As the holiday season approaches, many of us are getting busy with gift wrapping, grocery shopping and travel planning for the holidays. In the midst of all this hustle and bustle, it's easier than ever to rush things that shouldn't be rushed - and cyber criminals are ready to take advantage.
There are a whole range of scams crafted by cyber criminals to specifically target users during the busy holiday season, from fake Christmas promotions to Hanukkah-themed phishing emails. As our inboxes get filled with holiday promotions, last-minute requests before holiday cut-off dates and planning for holiday-themed parties, cyber criminals hope to be able to slip in emails when users are least likely to have the time and patience to exercise their normal good judgment.
How far can you get with technical solutions?
Before you do anything else, it is essential that you have set up the technical safeguards required to keep your users as far away from potential scams as humanly possible. This includes email filters, advanced threat scanning tools and up-to-date anti-virus protection on your user's devices.
Users left to their own devices will often fall behind in updates. That's why an automated patching tool that enforces new security updates on user devices is also an essential part of the technical toolkit to prevent vulnerabilities from being taken advantage of by malware.
Rob checks the time on his last day in before Christmas.
However, technical solutions can't stop every scam. It is only a matter of time before a phishing email breaks through the net - and what's worse, with the hustle and bustle of the holiday season users are more likely than ever to mix up their use of personal and business devices.
What are the benefits of user training?
Users that access their personal emails on a business device, or simply click a well-crafted phishing email on their company account, are a potential entry point into an organisation that allows a cyber criminal to infiltrate and target further employees within your company. Phishing emails can also include malware which, once installed on an out-of-date device, can spread like wildfire through the company network.
To ensure that your users take all precautions necessary to protect themselves, their devices, and your business network, it is essential that they are trained in all core areas of cyber security. This includes keeping work on their business devices, enabling safety features such as VPNs, updating their software whenever a new patch is available, and recognising the most common signs of phishing emails.
Cyberto gloats after successfully scamming Rob.
Users that know how cyber criminals operate, why they use urgency and highly-lucrative promotions to get users to click on emails, and the potential consequences of falling foul to phishing emails, are more likely to detect and stop a phishing email than untrained users. It's essential that training covers the entire workforce - at least all users with access to an email inbox - while users in high-risk positions such as the finance and HR department should receive additional training.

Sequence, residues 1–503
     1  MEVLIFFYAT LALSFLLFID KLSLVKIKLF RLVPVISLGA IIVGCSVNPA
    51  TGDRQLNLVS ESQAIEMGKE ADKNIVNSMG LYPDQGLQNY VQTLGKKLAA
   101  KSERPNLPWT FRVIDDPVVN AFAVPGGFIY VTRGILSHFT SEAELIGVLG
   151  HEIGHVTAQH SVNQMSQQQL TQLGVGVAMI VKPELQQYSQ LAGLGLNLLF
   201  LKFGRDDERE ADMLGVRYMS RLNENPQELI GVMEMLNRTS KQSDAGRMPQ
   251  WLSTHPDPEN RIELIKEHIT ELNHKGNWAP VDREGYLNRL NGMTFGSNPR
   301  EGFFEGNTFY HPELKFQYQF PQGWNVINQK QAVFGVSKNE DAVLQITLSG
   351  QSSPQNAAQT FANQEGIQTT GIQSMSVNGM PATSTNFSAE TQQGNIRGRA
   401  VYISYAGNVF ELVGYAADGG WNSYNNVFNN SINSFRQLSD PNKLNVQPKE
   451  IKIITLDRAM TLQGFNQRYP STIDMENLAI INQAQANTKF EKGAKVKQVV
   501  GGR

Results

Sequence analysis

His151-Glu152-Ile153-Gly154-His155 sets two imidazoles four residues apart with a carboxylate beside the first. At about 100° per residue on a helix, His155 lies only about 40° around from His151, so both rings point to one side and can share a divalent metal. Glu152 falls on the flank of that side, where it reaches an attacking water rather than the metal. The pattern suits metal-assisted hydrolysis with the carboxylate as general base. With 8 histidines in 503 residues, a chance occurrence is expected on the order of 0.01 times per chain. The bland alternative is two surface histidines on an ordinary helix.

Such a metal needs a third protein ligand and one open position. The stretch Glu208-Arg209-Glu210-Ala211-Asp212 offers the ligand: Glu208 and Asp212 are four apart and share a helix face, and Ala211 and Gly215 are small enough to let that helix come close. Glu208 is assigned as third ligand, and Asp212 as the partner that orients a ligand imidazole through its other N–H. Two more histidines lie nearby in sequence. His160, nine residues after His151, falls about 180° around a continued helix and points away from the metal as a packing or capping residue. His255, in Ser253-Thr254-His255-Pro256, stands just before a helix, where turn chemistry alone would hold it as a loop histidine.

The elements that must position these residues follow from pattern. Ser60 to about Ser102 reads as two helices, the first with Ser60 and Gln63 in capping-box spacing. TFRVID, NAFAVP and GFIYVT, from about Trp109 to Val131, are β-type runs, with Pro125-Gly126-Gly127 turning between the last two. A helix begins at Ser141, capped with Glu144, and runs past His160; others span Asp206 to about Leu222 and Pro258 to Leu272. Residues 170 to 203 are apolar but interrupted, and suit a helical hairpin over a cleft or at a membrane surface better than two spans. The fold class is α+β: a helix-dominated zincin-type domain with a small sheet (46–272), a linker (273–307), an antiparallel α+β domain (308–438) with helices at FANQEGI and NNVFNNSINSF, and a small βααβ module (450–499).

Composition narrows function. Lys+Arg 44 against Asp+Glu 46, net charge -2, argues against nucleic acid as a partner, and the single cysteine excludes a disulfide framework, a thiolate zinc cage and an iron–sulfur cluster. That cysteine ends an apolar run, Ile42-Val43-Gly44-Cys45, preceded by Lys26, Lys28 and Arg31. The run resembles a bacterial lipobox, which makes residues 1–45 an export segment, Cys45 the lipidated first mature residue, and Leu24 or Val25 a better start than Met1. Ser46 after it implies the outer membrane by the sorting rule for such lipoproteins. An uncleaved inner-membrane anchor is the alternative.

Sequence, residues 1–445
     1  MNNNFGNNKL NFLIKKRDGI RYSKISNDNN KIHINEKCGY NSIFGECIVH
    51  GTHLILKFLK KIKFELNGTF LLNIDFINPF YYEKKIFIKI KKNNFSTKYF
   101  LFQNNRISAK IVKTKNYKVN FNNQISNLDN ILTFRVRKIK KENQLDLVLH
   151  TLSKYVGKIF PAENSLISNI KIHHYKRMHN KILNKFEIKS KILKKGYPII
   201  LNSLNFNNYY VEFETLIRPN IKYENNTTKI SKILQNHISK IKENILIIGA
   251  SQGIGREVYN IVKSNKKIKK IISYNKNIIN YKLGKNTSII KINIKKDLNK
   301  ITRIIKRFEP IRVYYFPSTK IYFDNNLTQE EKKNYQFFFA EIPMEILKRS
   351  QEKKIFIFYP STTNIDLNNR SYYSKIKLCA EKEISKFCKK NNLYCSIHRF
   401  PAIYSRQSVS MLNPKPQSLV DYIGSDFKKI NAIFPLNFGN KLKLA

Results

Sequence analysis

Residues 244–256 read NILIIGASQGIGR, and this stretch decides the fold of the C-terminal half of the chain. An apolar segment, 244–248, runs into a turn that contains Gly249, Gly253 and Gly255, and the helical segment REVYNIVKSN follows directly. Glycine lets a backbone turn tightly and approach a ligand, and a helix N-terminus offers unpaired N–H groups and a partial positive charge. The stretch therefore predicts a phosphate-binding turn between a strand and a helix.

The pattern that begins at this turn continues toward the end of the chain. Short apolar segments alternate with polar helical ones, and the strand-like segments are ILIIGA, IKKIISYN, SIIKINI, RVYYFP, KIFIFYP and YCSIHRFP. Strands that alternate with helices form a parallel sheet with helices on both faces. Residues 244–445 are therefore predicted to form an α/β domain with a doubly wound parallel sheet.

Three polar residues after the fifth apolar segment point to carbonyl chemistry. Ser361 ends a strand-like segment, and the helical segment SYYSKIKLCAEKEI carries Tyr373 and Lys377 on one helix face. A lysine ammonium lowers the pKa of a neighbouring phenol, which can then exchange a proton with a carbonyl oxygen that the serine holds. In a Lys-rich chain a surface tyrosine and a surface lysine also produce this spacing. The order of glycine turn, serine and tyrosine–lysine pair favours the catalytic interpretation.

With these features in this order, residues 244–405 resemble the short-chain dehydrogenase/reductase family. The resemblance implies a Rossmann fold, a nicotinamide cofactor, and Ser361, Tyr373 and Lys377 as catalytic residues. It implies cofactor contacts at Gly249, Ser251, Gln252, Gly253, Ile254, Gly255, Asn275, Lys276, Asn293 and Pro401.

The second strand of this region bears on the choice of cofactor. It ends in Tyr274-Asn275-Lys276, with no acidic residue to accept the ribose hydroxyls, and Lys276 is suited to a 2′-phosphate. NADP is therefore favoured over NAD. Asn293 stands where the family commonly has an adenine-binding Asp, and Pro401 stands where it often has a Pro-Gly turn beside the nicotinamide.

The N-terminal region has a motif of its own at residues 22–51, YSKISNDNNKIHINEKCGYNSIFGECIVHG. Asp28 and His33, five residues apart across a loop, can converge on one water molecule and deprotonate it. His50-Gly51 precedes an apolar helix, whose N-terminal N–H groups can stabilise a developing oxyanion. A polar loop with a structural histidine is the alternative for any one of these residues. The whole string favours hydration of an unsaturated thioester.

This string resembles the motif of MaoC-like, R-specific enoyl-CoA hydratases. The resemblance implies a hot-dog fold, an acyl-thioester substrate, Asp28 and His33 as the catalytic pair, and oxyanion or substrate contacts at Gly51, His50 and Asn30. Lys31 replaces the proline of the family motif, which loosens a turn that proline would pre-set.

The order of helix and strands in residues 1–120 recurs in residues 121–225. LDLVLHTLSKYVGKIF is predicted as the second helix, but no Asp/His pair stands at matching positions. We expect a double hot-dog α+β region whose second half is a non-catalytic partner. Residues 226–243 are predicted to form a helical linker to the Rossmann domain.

What should all users know about phishing emails?
Before training users on any other aspect of phishing, it's important for them to understand why they are undertaking the training. Many users won't be aware of how widespread phishing attacks are, or that they can target organisations of any size - not to speak of scams that target individual people.
Users that know the methods that cyber criminals use to compromise users are also more likely to be able to apply their knowledge to real-life phishing emails that they encounter. Rather than focusing on the common signs of phishing emails, such as generic greetings and misspellings, you should concentrate your training on the general techniques that cyber criminals institute to craft compelling scams.
These methods include:
- A sense of urgency to make the recipient react as fast as possibly, and ideally before their better judgment kicks in.
- A promise of something valuable that the recipient is willing to divulge details for in order to receive, or a risk of consequences that the user would absolutely want to avoid.
- Linking recipients to pages that look identical to real pages and have nearly-identical URLs, with only one or two characters substituted.
Your fun and engaging 10-minute holiday scams training course for all staff
Training that fails to engage users never works. That's why we at usecure think training should be fun, interactive, and not take up too much of your users' time.
Our holiday scams training video puts your users in the shoes of Rob, a well-meaning employee who fails to exercise proper caution when going through his emails in the hectic lead-up to Christmas. Watch a preview of the video below - and sign up to a free trial of the usecure platform today to enrol your users on the whole course.